ACC:adrenal cortical carcinoma; CT: computer tomography; GN: ganglioneuroma; MRI: magnetic resonance imaging; PET: positron emission tomography; SUV: standard uptake value.

Competing interests

The authors declare that they have no competing interests.


MA and BK took care of patient and wrote the initial draft. BK and GA operated on the patient. TA performed the pathologic evaluation of the specimen. BK, GA and FO edited the manuscript and performed the literature review. All authors read and approved the final manuscript.


We thank Prof. Servet Karahan and Irmak Bircan for discussion and suggestions about the diagnosis.

Author details 1

Department of Endocrinology, Okmeydani Training and Research Hospital, 34200Şişli,İstanbul, Turkey.2Department of Surgery, Okmeydani Training and Research Hospital, 34200Şişli,İstanbul, Turkey.3Department of Surgery, Bakırkoy Training and Research Hospital, 34700 Bakırkoy,İstanbul, Turkey. 4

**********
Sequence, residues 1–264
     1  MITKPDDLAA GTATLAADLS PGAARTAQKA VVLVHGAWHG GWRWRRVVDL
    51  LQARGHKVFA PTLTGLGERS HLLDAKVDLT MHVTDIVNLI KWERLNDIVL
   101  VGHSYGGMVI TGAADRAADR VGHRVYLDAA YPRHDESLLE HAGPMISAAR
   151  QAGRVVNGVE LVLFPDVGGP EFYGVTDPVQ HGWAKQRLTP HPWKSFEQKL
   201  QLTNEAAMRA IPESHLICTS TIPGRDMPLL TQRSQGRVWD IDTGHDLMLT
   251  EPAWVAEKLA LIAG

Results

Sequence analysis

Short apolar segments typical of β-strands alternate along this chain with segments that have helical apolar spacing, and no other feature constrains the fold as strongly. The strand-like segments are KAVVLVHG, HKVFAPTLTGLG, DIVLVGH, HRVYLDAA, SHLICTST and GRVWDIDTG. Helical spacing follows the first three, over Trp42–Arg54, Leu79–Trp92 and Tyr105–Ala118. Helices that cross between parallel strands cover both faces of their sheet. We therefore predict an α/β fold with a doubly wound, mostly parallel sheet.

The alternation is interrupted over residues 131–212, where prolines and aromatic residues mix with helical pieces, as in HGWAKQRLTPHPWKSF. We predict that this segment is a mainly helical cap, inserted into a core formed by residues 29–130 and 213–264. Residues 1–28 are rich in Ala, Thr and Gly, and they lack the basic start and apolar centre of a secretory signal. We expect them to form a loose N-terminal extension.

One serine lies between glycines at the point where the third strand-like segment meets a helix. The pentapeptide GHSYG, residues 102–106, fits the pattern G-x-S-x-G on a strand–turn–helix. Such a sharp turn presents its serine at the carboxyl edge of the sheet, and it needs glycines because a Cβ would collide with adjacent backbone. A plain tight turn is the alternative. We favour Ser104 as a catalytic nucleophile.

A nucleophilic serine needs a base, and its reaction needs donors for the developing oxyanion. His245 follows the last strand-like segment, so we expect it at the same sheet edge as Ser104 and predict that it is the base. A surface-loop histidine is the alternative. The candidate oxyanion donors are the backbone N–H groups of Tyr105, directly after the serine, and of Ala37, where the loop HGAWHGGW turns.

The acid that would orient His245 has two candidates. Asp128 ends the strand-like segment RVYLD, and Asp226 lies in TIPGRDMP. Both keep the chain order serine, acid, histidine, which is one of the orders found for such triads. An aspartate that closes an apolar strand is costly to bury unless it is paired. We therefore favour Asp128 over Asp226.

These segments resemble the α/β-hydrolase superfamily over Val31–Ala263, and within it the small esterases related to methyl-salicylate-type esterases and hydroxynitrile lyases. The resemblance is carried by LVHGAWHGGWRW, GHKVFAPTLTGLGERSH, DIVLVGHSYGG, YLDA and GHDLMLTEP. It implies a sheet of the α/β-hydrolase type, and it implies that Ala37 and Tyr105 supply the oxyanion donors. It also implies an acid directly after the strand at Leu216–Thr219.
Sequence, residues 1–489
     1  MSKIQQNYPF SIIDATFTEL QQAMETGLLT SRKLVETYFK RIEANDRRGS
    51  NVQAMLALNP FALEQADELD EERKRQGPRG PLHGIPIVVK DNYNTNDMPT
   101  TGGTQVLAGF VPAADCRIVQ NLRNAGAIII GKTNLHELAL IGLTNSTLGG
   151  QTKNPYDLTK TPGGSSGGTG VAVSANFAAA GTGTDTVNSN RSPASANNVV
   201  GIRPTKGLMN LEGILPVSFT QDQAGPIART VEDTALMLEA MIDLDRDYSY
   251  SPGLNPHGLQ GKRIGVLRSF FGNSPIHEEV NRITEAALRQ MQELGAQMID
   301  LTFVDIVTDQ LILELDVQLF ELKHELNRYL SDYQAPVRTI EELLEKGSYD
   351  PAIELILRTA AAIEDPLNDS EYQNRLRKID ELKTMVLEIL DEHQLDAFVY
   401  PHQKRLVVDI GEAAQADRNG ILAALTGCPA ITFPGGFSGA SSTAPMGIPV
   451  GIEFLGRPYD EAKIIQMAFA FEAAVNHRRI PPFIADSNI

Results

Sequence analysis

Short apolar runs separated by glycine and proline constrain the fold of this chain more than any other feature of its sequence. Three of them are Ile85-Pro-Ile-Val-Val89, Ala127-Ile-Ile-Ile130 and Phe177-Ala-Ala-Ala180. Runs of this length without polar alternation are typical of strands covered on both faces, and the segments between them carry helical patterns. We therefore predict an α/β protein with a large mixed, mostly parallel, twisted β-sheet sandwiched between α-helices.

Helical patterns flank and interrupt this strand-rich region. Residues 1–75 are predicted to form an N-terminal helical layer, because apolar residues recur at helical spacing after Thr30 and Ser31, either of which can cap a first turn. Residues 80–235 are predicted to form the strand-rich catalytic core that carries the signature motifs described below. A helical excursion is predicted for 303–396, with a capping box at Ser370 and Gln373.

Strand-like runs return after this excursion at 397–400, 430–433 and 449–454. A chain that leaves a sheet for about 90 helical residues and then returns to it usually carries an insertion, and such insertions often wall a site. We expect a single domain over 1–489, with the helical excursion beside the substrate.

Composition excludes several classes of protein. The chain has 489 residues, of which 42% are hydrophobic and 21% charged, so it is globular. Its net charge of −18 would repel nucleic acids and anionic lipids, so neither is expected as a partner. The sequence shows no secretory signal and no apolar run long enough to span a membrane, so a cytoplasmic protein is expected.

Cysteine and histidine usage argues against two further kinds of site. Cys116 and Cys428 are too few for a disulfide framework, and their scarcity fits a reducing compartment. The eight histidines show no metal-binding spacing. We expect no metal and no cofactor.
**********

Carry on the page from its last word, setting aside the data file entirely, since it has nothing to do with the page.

Department of Nuclear Medicine, Okmeydani Training and Research Hospital, 34200Şişli,İstanbul, Turkey.5Department of Pathology, Okmeydani Training and Research Hospital, 34200Şişli,İstanbul, Turkey.

Received: 17 November 2013 Accepted: 17 February 2014 Published: 29 April 2014


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Cite this article as:Adaset al.:Ganglioneuroma presenting as an adrenal incidentaloma: a case report.Journal of Medical Case Reports


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Figure 1 Positron emission tomography and computerized tomography scans of the patient with a left adrenal tumor
Figure 2 Macroscopic view of the specimen.was an elastic tumor with a slightly lobular edge, measuring Surgical specimen4.4×5.1×7.3cm.
Figure 3 Immunohistochemical examination of the mass. (a) Positive staining for vimentin, ×200